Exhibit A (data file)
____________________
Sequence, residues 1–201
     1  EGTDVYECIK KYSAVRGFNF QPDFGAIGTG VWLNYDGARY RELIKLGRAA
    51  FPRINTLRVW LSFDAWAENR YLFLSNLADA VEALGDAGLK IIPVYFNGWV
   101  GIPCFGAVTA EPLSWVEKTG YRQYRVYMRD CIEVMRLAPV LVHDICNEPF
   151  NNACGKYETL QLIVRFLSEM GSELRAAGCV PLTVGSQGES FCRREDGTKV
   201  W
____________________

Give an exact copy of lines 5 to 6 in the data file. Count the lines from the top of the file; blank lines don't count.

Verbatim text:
   151  NNACGKYETL QLIVRFLSEM GSELRAAGCV PLTVGSQGES FCRREDGTKV
   201  W